The evening of 11 March saw fourteen enthusiasts gathering at the Hotel Innere Enge, which sports what must be the most elegant jazz lounge in the country, for a concert by the Dr. Lonnie Smith Trio.
The evening began at six o’clock with a pleasant and well-served meal in the hotel restaurant, after which we descended into the spacious downstairs lounge. I suspect that several of those amongst us had been expecting a fairly straightforward piano trio, but Lonnie Smith, who, with his white cap and long beard, although clearly of African-American origin, looked something like a cross between Confucius and an Indian guru, turned out to be a very accomplished keyboard player, essentially on a substantial Hammond organ with other keyboards at his fingertips, accompanied by an extremely talented guitarist and an excellent drummer.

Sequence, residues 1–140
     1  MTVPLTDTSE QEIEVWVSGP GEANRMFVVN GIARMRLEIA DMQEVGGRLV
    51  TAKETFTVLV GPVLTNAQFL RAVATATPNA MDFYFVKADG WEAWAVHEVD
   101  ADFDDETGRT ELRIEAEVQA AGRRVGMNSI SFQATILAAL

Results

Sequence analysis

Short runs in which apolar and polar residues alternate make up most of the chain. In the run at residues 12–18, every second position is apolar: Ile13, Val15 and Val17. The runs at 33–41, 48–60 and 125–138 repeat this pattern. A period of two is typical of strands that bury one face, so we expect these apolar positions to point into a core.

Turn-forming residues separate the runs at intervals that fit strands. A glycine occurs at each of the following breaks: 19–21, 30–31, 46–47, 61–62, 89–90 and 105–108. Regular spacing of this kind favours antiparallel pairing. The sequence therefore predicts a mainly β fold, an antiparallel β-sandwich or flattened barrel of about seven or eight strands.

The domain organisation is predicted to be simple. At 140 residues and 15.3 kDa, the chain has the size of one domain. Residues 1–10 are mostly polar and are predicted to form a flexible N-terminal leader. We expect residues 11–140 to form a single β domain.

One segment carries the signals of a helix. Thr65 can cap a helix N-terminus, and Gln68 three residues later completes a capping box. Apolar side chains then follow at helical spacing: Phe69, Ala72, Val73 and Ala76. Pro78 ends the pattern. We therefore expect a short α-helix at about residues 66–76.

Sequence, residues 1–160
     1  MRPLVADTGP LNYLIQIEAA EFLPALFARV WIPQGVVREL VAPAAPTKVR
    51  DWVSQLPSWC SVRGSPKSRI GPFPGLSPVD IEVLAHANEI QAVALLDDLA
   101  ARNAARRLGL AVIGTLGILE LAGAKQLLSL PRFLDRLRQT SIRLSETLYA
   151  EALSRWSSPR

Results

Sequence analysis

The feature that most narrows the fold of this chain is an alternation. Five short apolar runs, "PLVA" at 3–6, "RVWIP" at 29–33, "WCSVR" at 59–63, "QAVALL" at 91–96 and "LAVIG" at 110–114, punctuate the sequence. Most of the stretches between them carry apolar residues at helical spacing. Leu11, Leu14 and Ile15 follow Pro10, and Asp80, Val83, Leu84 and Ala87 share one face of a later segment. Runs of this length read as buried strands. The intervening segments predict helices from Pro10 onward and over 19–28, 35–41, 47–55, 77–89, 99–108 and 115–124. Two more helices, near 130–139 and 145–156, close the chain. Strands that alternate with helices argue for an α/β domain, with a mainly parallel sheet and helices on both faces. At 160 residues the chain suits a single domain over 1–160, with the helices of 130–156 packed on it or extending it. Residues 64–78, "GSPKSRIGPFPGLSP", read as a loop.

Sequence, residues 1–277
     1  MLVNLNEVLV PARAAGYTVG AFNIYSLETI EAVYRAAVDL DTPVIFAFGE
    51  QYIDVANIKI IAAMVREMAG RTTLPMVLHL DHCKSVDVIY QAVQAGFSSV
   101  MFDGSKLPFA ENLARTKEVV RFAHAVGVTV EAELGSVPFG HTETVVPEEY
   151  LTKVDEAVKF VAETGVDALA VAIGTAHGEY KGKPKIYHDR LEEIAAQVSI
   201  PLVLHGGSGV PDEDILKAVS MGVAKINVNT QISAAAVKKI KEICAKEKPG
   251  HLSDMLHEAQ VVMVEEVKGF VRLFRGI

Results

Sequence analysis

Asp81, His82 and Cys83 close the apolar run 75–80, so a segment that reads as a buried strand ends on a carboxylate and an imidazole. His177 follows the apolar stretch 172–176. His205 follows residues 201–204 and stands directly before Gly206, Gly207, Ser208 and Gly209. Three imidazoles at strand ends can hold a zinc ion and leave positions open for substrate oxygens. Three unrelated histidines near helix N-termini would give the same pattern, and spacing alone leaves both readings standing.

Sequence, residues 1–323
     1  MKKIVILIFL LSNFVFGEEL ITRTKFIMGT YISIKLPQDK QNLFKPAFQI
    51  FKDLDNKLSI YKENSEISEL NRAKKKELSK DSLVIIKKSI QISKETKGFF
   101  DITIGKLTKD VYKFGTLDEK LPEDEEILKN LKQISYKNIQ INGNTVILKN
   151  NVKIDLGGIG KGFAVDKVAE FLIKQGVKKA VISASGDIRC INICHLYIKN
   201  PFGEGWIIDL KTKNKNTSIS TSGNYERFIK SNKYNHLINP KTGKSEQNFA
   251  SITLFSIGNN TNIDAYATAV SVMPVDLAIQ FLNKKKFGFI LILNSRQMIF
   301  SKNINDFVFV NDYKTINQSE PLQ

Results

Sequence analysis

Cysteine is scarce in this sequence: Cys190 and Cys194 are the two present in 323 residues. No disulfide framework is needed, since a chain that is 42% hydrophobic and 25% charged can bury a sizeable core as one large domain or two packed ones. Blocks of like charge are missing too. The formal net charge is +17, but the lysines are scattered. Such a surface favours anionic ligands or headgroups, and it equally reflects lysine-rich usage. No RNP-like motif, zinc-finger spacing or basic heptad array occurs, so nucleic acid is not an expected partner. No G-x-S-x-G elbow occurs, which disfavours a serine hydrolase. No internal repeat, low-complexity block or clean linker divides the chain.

The way musicians play modern jazz has developed and altered significantly since the days when it all started, and whereas in the past the role of the drummer and the other rhythm instruments was essentially to provide rhythm and back-up to the principal artist, they are now part of an integrated ensemble, and the mental telepathy which appears to pass between all three musicians is extraordinary. Having been a fan of all types of jazz since childhood, your correspondent had a fairly good idea of what was going on, although I fear that some of my companions were perhaps a little less enthusiastic. Most of the pieces they played were largely improvised originals, but from time to time well-known pieces such as Paul Simons’ “Fifty Ways to Lose your Lover” made an appearance.
The first session came to a close just before nine in the evening, at which point we made our farewells and started on our various homeward journeys, after a concert which I hope the others enjoyed as much as I did.
Thanks to Anne Droz for organising this entertaining event.